10.4 Markets and applications
10.4.1 Chemical energy storage
10.4.1.1 Ammonia fuel cells
10.4.2 Marine fuel
10.6 Estimated market demand
10.7 Companies and projects
Table 2. Market challenges for biofuels
Table 3. Liquid biofuels market 2020-2033, by type and production
Table 4. Industry developments in biofuels 2020-2022
Table 5. Comparison of biofuel costs (USD/liter) 2022, by type
Table 6. Categories and examples of solid biofuel
Table 7. Comparison of biofuels and e-fuels to fossil and electricity
Table 8. Classification of biomass feedstock
Table 9. Biorefinery feedstocks
Table 10. Feedstock conversion pathways
Table 11. First-Generation Feedstocks
Table 12. Lignocellulosic ethanol plants and capacities
Table 13. Comparison of pulping and biorefinery lignins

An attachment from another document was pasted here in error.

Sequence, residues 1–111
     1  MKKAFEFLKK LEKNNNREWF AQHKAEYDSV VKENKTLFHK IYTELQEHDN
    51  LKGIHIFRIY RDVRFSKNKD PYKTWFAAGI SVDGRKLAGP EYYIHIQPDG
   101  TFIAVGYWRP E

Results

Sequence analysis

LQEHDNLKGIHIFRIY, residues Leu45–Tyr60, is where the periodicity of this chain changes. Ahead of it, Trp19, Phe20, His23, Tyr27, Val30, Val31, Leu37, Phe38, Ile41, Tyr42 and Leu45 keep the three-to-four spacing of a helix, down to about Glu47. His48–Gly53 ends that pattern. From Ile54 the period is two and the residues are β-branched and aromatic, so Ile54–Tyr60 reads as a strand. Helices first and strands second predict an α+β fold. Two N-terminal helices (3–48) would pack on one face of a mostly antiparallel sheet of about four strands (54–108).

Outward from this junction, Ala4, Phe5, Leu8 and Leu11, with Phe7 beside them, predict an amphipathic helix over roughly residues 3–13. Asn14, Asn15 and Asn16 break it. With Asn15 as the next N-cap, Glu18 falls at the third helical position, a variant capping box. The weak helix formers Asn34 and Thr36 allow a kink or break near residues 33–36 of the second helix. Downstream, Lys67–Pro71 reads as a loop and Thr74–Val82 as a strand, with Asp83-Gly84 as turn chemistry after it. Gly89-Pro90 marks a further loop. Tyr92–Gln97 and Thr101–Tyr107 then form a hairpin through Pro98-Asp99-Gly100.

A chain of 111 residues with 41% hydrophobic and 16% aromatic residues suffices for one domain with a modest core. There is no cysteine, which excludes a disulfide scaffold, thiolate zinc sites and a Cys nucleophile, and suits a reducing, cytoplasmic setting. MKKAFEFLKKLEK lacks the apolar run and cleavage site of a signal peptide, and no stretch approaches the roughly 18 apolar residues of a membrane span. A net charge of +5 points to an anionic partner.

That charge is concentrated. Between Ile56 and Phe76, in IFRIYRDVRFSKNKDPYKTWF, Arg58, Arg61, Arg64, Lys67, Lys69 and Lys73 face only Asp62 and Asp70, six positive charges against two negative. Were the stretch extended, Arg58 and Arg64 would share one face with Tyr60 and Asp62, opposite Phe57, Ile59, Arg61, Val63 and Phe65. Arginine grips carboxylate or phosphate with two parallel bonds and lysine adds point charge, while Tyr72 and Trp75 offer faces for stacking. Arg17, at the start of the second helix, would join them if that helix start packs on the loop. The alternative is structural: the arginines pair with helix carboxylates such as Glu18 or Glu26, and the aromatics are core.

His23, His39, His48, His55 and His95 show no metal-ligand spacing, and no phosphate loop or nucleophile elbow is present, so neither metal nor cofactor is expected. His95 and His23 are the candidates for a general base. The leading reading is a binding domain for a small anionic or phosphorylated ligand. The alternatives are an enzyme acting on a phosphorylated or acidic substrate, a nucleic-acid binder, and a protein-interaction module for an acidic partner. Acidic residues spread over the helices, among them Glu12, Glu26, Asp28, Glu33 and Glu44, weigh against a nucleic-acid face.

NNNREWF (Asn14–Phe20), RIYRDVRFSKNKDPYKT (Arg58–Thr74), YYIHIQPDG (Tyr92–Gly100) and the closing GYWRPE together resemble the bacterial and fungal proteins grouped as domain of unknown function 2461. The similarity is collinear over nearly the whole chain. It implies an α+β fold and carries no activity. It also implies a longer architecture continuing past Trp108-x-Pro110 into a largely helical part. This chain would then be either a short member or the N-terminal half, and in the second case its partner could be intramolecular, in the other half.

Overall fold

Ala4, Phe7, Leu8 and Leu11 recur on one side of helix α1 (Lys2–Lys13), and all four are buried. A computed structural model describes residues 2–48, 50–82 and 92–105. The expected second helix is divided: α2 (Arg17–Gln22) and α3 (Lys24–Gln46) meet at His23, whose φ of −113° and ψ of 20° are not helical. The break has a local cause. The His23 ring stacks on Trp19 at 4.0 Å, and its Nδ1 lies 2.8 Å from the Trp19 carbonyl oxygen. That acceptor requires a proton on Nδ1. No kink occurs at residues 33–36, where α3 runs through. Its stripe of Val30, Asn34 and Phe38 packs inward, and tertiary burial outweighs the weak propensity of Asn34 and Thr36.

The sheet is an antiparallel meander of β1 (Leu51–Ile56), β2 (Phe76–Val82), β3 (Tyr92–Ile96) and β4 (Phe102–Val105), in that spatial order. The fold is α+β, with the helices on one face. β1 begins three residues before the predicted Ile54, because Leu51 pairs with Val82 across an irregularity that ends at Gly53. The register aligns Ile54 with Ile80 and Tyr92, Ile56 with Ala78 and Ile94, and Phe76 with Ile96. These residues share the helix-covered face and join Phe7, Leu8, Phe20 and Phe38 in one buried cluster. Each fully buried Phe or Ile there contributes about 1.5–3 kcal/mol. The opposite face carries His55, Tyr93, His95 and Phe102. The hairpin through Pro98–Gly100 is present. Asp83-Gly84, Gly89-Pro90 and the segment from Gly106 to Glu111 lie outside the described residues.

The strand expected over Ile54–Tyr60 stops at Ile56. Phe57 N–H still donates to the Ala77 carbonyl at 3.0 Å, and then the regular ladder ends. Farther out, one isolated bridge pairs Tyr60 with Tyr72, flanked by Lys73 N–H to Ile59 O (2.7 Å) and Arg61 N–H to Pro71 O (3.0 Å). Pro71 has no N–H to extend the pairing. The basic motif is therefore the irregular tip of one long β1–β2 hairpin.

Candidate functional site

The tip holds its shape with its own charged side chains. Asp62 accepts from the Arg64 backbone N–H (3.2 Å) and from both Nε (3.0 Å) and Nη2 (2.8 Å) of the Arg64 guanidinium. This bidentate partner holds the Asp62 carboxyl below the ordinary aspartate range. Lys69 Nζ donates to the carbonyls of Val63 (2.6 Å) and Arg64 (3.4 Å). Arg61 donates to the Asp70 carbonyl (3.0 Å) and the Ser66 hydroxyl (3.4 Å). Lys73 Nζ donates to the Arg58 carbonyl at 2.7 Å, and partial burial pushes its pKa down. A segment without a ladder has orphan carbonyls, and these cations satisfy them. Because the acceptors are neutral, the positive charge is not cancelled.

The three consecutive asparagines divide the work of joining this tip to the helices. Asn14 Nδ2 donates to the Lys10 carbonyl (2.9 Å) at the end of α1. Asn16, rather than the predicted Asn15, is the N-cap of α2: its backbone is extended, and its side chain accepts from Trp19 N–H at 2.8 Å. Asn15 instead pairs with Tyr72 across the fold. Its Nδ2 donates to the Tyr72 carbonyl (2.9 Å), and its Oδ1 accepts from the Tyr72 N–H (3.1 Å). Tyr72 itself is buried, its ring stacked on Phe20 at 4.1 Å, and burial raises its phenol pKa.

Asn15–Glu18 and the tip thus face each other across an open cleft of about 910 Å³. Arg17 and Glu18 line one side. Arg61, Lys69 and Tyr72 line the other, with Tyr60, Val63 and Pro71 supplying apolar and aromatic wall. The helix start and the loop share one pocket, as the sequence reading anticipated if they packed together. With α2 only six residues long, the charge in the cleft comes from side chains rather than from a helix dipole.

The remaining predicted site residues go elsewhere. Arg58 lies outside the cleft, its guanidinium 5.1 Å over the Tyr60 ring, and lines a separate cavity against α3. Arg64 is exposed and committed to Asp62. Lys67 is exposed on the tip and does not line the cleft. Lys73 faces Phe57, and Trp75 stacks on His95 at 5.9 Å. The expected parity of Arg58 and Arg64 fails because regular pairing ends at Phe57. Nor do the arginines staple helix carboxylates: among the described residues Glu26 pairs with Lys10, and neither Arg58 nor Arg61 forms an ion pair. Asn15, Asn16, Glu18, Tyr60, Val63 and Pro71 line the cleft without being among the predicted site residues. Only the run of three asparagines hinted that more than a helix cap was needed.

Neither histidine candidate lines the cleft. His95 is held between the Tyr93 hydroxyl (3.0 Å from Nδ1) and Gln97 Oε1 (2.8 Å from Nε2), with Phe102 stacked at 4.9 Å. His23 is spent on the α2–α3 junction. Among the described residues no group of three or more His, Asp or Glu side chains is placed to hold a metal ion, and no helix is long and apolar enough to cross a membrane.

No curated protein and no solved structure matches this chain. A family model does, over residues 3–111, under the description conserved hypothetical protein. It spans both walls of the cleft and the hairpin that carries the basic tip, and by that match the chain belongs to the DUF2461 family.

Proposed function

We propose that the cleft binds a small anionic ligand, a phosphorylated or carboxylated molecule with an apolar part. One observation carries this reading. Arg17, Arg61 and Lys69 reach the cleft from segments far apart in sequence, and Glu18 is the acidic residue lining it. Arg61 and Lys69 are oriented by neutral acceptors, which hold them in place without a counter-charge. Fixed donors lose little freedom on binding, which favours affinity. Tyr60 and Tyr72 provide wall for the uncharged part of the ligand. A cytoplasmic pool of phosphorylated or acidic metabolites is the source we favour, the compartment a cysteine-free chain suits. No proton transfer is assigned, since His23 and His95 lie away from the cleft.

Table 14. Commercial and pre-commercial biorefinery lignin production facilities and processes
Table 15. Operating and planned lignocellulosic biorefineries and industrial flue gas-to-ethanol
Table 16. Properties of microalgae and macroalgae
Table 17. Yield of algae and other biodiesel crops
Table 18. Advantages and disadvantages of biofuels, by generation
Table 19. Biodiesel by generation
Table 20. Biodiesel production techniques
Table 21. Summary of pyrolysis technique under different operating conditions
Table 22. Biomass materials and their bio-oil yield
Table 23. Biofuel production cost from the biomass pyrolysis process
Table 24. Properties of vegetable oils in comparison to diesel
Table 25. Main producers of HVO and capacities
Table 26. Example commercial Development of BtL processes
Table 27. Pilot or demo projects for biomass to liquid (BtL) processes